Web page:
He also assumes that liberal bourgeois societies of the kind that prevailed in the West by the nineteenth century betrayed their promise because they created or perpetuated economic disparities. To my knowledge, advocates of capitalism and constitutional government never promised to make people economically equal. They believed their reforms would increase general economic prosperity, which in fact happened over time. It’s also unclear whether pre-modern regimes would have done any better than what replaced them in alleviating poverty; or what pre-modern social arrangements Deneen would like to substitute for those developments that began in early modern Europe.

Culture for Deneen is specifically Catholic. Although it includes pre-Catholic thinkers like Aristotle, Plato and Cicero, the only Protestant whom he presents as culturally valuable is John Milton. Not surprisingly, liberalism for Deneen is “parasitic.” It “extends itself by inhabiting spaces abandoned by local cultures and traditions, leading either to their discarding or suppression, far more often to their contentless redefinition. Rather than produce our own cultures, grounded in local places, embedded in time and usually developed from an inheritance from relatives, neighbors, and community, we are more likely to consume prepackaged, market-tested, mass-marketed consumables often branded in commercialized symbolism that masks the culture’s evisceration” (p. 88). Are we to blame these presumed ills on seventeenth-century political thinkers whom Deneen dislikes or perhaps on James Madison, who was influenced by these writers? And what about our once established liberal freedoms? Can’t we give them some credit for leading to good things, e.g., allowing bearers and creators of culture to thrive without political persecution?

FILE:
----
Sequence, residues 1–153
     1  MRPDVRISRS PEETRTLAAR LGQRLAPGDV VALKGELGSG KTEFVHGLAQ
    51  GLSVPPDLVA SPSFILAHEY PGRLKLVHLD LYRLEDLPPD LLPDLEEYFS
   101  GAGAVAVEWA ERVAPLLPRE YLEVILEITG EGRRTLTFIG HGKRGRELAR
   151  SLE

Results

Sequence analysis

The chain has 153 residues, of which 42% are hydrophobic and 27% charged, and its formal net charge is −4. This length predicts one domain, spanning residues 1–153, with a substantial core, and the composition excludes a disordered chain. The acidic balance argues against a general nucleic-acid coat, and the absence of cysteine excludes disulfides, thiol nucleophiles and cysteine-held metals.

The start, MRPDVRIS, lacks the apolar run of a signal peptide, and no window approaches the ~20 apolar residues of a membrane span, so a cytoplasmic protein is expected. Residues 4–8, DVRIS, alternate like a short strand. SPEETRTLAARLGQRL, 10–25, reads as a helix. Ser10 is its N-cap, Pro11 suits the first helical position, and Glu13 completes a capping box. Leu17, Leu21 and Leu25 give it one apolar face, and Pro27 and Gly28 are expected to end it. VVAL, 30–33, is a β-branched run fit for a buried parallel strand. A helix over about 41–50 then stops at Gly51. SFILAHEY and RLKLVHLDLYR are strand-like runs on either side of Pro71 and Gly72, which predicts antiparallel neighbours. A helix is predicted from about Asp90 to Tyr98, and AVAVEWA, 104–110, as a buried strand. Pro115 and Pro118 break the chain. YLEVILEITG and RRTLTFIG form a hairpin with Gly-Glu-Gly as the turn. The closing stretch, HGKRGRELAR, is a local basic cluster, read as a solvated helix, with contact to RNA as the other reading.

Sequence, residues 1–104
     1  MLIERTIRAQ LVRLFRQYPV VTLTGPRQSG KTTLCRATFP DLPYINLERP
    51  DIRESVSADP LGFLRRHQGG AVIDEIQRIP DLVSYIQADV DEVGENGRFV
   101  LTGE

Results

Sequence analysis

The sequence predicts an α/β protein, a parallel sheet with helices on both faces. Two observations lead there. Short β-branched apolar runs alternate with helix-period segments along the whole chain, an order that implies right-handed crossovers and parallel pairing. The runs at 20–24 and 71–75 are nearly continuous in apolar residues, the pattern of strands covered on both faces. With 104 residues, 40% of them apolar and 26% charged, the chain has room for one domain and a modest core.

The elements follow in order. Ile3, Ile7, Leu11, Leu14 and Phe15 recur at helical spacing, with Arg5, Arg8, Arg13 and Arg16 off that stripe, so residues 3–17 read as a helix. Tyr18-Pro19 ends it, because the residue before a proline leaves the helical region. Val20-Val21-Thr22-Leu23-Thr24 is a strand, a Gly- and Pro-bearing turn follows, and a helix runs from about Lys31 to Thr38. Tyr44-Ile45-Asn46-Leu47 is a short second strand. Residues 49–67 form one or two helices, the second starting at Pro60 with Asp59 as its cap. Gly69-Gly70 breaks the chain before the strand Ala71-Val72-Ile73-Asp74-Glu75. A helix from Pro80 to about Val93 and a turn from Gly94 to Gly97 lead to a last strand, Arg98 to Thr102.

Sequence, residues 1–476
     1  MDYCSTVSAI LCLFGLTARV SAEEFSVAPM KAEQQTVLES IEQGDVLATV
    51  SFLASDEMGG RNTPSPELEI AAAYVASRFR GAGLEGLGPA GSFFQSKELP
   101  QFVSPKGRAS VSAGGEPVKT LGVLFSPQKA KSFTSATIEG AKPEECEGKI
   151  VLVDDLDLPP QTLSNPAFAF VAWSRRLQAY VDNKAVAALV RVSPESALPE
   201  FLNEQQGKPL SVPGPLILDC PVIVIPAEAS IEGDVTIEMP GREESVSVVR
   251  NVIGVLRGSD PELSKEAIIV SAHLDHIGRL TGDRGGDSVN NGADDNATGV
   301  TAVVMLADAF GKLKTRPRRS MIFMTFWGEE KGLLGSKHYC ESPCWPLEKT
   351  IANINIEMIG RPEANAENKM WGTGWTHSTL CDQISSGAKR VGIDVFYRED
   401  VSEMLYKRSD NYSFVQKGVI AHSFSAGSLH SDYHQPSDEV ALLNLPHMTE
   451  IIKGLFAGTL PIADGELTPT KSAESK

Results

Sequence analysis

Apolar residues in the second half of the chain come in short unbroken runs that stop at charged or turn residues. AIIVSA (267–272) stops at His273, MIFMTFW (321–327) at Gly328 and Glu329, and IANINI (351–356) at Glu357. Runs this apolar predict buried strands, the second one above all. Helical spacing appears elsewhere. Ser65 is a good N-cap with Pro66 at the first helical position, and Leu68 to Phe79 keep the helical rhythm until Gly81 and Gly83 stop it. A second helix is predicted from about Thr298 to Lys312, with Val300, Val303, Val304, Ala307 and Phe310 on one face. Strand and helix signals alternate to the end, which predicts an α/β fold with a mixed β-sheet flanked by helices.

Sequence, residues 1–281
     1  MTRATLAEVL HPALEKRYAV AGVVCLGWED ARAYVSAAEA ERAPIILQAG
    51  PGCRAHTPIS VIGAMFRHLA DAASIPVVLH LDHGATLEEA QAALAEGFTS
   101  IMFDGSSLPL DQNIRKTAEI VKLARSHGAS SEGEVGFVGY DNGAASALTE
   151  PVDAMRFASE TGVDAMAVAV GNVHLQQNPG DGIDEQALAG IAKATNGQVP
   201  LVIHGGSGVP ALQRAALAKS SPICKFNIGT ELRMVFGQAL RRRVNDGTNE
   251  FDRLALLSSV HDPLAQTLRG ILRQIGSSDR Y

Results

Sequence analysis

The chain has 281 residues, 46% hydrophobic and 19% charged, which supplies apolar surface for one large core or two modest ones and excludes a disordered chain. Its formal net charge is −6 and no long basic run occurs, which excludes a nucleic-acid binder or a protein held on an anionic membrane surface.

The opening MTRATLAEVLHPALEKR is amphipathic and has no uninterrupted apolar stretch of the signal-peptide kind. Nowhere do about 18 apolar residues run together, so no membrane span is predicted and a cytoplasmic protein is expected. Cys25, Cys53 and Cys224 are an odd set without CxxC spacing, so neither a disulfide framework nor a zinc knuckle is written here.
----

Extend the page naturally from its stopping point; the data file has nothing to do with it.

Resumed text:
Finally, I would point out that Deneen applies “liberal” in such a variety of contexts that it never assumes a clear, historically situated meaning. In my book After Liberalism: Mass Democracy and the Managerial State (Princeton, NJ: Princeton University Press, 1999), I examine the changing use of this term from the mid-nineteenth century on; and it is obvious that my work hardly exhausts the meanings of the operative term. Nonetheless, Deneen assumes a constant meaning for “liberal.” It is the set of political and social assumptions that he traces back to Hobbes and Locke and which is reducible to the construction of pre-political liberties and to the creation of government that renders these liberties secure. But Deneen has to stretch more and more to make these assumptions explain what he dislikes about the present. I’m still trying to figure out how Hobbes led to commodified culture.

Paul Gottfried
Elizabethtown College
Contemporary PoliticsCulture and SocietyGovernment and PoliticsNationalismPhilosophy and Religion
Other Independent Review articles by Paul Gottfried
Fall 2018 La grande illusion: Comment la France a perdu la paix, 1914–1920
Spring 2007 Politics as Religion
Winter 2004/05 The Nation-States: Concert or Chaos